The Bang Has Been Bucked!

By: Michael Ashton | Mon, Nov 15, 2010
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A real yield of 0.82% for ten years isn't exactly plush, but on the other hand it is nearly double the real yield that prevailed on the day that the Fed announced QE2 (see Chart).

Real Yields are Climbing
Real yields are abruptly climbing

Ironic, isn't it, that between August 27th, when Chairman Bernanke first talked openly about QE2, and November 3rd, when QE2 was effected, 10-year real yields declined from 1.01% to 0.41%. Subsequent to the actual announcement of QE2...when the Fed actually started adding money to the system...real yields rose back to 0.82%. I wrote on October 28th, rather presciently if I do say myself, a comment entitled "The Bang We Have Already; The Bucks Are Yet To Come." My point was that the decline in real yields we had already seen was probably most of what we were likely to see even once the Fed actually followed through. I did not, however, suggest that we would see a sharp rebound higher in real yields and a decline in inflation expectations.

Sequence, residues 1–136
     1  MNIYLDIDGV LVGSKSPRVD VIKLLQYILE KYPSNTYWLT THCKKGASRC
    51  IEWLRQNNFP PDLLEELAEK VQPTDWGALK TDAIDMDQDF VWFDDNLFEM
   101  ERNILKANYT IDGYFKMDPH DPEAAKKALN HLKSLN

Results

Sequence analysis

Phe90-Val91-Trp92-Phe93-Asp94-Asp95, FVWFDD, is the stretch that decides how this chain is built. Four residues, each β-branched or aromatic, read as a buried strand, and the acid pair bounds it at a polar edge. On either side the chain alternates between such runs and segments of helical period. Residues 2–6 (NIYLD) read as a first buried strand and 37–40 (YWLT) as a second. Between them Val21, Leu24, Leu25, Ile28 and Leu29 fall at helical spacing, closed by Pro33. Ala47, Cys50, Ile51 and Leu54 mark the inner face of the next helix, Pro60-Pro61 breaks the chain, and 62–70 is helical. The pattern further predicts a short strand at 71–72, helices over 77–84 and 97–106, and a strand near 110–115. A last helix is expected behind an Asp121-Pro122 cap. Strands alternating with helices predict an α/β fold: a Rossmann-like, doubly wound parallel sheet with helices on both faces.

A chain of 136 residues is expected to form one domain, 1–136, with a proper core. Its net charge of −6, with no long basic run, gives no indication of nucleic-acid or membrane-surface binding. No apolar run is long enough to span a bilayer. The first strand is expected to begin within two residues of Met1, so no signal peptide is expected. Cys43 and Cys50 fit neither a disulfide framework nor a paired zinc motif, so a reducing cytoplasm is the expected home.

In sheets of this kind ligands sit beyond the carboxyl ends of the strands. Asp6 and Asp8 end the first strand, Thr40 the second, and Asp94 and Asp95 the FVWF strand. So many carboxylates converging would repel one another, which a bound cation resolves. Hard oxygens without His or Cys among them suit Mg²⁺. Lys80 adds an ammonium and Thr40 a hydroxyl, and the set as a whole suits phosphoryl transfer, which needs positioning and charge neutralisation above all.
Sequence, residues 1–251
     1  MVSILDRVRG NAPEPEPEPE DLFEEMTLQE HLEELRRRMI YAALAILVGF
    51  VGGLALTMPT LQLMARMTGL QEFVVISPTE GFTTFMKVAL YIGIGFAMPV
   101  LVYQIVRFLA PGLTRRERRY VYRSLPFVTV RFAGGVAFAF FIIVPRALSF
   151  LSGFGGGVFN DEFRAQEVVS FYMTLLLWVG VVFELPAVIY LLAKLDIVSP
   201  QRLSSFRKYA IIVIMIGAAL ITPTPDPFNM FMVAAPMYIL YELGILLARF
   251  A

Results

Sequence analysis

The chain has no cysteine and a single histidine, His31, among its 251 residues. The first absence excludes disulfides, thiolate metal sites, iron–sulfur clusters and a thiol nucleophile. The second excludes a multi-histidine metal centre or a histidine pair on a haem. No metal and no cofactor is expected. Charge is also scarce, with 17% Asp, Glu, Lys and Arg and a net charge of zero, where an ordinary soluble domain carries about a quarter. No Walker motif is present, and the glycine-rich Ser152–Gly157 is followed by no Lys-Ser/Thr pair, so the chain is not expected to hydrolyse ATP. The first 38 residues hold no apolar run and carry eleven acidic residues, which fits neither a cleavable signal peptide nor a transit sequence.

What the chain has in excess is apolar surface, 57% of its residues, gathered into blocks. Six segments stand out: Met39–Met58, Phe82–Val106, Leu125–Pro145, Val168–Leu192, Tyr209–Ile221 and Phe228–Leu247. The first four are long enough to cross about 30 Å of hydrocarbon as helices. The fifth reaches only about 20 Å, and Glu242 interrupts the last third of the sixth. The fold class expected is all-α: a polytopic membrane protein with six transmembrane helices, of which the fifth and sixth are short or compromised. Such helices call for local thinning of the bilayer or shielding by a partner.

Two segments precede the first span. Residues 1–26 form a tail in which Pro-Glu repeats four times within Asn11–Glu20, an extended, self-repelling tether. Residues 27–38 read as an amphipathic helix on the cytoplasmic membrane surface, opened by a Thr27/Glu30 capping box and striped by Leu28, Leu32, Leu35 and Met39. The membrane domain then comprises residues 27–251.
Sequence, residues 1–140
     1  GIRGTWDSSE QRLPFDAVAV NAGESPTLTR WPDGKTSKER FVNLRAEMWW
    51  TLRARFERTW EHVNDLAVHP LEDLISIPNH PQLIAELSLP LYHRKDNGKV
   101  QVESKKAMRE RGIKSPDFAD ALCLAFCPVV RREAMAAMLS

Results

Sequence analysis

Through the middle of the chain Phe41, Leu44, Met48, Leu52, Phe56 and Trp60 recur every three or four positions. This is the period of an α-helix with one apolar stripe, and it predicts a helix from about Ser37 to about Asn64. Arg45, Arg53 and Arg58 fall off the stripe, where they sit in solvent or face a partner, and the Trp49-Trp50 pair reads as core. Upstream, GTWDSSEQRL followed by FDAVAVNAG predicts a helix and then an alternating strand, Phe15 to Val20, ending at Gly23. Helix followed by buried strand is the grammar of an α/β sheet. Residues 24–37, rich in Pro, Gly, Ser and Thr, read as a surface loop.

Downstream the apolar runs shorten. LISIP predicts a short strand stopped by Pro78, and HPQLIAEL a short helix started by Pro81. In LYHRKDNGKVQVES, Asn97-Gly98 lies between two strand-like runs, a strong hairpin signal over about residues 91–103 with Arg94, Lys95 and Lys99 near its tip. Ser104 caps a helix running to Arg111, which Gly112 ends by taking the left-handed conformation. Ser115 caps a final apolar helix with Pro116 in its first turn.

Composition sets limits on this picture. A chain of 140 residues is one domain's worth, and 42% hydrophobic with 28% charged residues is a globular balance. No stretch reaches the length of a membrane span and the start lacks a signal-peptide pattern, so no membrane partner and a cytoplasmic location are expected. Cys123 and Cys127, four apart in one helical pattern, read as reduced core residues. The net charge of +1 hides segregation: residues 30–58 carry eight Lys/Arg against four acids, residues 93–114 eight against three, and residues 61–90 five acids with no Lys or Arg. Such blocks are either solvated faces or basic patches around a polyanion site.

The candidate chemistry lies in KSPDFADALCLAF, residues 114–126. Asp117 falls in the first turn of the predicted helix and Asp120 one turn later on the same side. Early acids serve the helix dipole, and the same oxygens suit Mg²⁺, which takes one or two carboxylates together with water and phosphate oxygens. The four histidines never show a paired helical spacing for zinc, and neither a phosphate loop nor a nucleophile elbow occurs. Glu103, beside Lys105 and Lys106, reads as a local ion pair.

Obviously, this is a classic buy-the-rumor, sell-the-news outcome. Real yields of 0.4% for a decade didn't make any sense economically; yields were there because buyers expected that the combination of quantitative easing and the resulting Fed buying would make TIPS rally and make them relatively invulnerable to a selloff (the Fed is, after all, buying virtually all of the marginal TIPS supply through next summer). Ten-year real yields back to 1% wouldn't be terrific, but it would make this asset class at least competitive again with some of the other (expensive) asset classes available.